Obesity surgery offers two different approaches based on:

Malabsorption: the purpose is to reduce the time it takes for food to mix with bile and pancreatic juice in order to reduce food resorption by the body.
To do so, these types of surgery require partial gastric resections and the creation of intestinal bypasses.

Restriction: the purpose is to create a small gastric pouch. The expansion of the pouch by small food intakes causes an early feeling of fullness.

Restriction-malabsorption combination: the purpose is to combine a gastric restriction with an intestinal bypass.

Gastric Stapling (a.k.a. Vertical Banded Gastroplasty or Mason Surgery or SVRG (Silicone Ring Vertical Gastroplasty))

Vertical gastric stapling creates a small gastric pouch with a non-adjustable exit. Food must therefore go through this narrowed non-adjustable opening. The expansion of the gastric pouch causes an early feeling of fullness. It can be performed by laparoscopy and requires a 3-to-5-day hospitalization.


  • Easy-to-perform procedure
  • Oldest bariatric surgery procedure
  • No nutritional deficiencies
  • Low morbidity rate
  • Low cost

These gastric stapling techniques did not meet our approval for several reasons:

  • Gastric stapling is not reversible: The placement of four rows of staples will create significant adhesion to the pancreas (towards the back) and to the liver (towards the front). Any type of subsequent gastric or pancreatic surgery will therefore be all the more difficult. In case of oesophageal cancer, gastric stapling can jeopardize the use of the stomach in a tubular plastic operation, if this should become necessary. We believe that a surgical procedure designed to fight obesity is likely to help the patient today. However, it should definitely not reduce the patient’s treatment options in the future. If such should be the case, the patient must be clearly informed about this permanent and irreversible disability.

  • Stapling is not adjustable: Whatever the type of obesity the sizing of the pouch performed during the stapling procedure will be the same and will be irreversible. Also, during the first few weeks following surgery, the oedema created by the stapling will press on the gastric pouch exit and cause sometimes serious vomiting. People know about this but vomiting is sometimes generalized to all types of obesity surgery. This unfortunately brings into disrepute several procedures that are much more respectful of the patient. Weight loss is difficult to control and the stapling is impossible to adjust.

  • Stapling can cause leaks: There is a risk that the staples might come apart, which will cause leaks and peritoneal infections. Moreover, long-term studies clearly show that about 30 per cent of patients will have their staples come apart after about three years. This will allow food to go through a large opening and into the stomach under the small pouch and will inevitably lead to weight gain.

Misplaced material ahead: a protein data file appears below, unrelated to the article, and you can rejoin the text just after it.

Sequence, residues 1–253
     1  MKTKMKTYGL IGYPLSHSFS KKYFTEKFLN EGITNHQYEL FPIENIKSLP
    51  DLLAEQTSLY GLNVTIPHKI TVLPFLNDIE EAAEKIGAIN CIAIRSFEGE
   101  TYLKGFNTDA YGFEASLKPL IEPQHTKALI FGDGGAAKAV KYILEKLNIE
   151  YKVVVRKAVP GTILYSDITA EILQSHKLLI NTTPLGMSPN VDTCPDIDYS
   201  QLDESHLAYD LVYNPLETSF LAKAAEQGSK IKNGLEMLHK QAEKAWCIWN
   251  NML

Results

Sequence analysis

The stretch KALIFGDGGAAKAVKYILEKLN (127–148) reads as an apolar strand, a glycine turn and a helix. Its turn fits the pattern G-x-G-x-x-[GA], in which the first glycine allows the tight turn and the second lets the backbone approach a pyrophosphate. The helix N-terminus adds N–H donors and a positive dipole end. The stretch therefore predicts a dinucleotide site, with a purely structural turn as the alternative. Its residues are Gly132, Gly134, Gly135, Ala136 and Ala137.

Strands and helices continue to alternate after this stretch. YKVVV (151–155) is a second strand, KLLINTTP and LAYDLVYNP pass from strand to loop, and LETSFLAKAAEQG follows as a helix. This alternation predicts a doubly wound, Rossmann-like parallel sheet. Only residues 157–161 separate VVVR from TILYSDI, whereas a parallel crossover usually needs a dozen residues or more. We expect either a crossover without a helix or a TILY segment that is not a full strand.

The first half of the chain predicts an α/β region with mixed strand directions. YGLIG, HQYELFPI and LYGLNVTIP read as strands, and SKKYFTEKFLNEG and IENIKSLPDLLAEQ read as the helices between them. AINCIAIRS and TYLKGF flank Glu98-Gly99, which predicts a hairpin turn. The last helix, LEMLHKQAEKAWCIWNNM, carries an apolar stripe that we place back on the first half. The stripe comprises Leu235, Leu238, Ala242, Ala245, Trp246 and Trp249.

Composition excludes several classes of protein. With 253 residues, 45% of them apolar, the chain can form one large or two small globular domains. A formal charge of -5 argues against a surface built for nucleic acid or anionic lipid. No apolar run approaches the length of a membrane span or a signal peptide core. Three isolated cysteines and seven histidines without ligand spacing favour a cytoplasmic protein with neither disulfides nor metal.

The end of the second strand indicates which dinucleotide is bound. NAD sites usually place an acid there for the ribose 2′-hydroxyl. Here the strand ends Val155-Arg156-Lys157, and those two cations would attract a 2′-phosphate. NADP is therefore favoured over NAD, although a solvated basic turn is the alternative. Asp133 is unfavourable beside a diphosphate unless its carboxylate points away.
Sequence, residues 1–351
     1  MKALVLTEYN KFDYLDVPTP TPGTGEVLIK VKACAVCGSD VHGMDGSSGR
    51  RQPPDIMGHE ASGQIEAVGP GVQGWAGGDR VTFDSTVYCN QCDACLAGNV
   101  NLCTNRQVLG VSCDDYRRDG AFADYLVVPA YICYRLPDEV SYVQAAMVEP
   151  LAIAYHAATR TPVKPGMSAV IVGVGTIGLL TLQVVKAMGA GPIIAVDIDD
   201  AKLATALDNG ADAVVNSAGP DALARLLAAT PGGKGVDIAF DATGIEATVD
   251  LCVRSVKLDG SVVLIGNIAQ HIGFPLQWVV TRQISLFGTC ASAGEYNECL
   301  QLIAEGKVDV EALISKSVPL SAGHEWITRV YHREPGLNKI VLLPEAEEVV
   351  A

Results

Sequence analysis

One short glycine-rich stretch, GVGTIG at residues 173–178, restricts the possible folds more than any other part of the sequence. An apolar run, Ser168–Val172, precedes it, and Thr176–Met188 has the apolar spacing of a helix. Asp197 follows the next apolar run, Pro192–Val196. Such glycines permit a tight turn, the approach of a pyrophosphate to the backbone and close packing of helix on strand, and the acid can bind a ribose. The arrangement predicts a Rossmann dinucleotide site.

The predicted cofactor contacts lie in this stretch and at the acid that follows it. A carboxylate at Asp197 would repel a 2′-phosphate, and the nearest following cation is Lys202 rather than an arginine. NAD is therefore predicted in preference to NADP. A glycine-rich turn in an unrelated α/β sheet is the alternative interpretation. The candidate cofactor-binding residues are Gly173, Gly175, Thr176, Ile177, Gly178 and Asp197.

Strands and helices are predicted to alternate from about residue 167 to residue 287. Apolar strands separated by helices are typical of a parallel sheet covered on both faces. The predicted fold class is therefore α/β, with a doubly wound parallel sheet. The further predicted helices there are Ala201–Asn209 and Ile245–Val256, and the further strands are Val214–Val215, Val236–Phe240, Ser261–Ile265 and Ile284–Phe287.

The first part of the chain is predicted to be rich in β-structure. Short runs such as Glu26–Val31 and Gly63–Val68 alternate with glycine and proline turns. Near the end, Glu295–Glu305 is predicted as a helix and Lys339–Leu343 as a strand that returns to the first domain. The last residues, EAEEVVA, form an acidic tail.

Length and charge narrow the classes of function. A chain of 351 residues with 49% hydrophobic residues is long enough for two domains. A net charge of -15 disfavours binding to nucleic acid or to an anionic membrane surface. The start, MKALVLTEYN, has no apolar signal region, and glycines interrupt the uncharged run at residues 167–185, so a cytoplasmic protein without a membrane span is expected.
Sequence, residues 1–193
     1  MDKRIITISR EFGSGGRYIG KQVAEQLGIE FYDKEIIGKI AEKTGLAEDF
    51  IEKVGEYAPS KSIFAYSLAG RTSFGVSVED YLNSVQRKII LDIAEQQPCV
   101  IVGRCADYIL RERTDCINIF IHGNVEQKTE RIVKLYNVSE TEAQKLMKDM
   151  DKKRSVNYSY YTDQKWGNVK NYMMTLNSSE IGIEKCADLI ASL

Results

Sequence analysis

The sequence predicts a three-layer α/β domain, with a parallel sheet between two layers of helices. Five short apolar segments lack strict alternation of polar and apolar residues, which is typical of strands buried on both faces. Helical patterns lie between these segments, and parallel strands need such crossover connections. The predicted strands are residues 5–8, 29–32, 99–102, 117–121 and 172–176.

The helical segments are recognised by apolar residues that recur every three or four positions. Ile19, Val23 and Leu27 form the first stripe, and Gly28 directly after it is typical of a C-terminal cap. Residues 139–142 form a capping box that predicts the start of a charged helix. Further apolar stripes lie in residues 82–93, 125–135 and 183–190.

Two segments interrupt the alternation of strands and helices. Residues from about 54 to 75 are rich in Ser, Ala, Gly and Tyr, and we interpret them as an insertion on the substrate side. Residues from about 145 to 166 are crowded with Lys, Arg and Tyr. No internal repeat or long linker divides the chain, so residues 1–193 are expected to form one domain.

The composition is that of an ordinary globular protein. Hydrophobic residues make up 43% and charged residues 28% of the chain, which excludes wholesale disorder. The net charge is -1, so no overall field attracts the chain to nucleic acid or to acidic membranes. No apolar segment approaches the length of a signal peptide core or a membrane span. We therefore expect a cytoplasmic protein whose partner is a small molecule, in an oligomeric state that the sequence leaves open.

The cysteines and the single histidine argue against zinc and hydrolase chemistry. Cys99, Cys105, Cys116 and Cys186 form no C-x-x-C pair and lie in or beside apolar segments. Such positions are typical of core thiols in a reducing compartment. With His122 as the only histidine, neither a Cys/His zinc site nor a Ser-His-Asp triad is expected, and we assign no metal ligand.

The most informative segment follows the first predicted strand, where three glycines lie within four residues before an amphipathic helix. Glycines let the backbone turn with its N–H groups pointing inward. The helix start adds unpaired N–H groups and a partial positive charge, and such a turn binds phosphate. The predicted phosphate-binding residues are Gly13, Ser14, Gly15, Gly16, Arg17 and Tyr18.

• Endoscopic stapling: this technique is still tentative and is only an incomplete form of the classic stapling procedure. By endoscopy, stapling actually only applies to the mucosa and not to the entire stomach wall. There is no ring device under the stapling.

  • Low cost: Of course the low cost of this technique is a major advantage. This argument must be considered but must not hide the well-known side-effects of stapling and gastric resection. The patient will be the one to choose his or her procedure in full knowledge of everything involved. The practitioner’s role is to inform the patient about all the available therapeutic options, and to give him or her competent and impartial advice.


“Laparoscopic Adjustable Silicone Gastric Banding”

This technique consists of the laparoscopic placement of an adjustable silicon band around the uppermost part of the stomach. This technique allows the creation of a small proximal pouch (10 to 15 cc). The dilation of the pouch through small food intakes is perceived by our brain as a total dilation of the stomach and therefore induces an early feeling of fullness. The device is equipped with a small reservoir that allows adjustments of the band opening.

This technique has been adopted by the Eurobesity surgical staff.

The pros of this technique are as follows:

  • Laparoscopic approach: Performed by an experienced surgeon this procedure only requires a 30-to-40-minute general anaesthesia.  Five small trocar orifices are required for this procedure. There is no need for drainage or the use of a stomach or vesicular tube. The patient will start drinking fluids within a few hours of the procedure and will be allowed to go home the day after the procedure at the latest. Since very little parietal stress is caused during the procedure, the patient will only need to take few painkillers in the days that follow surgery.

Laparoscopy in obese patients avoids major surgical incisions and reduces the risk of incisional hernia to nothing. Since the patient can move after surgery, lung complications such as atelectasis and phlebitis with embolism risk will be avoided.

  • Adjustable device: When placed, the device is empty and therefore barely restricts the passage of food.  Still, to be on the safe side, ground food is recommended for ten days after surgery. These ten days are more than enough for a possible postoperative oedema to resorb naturally.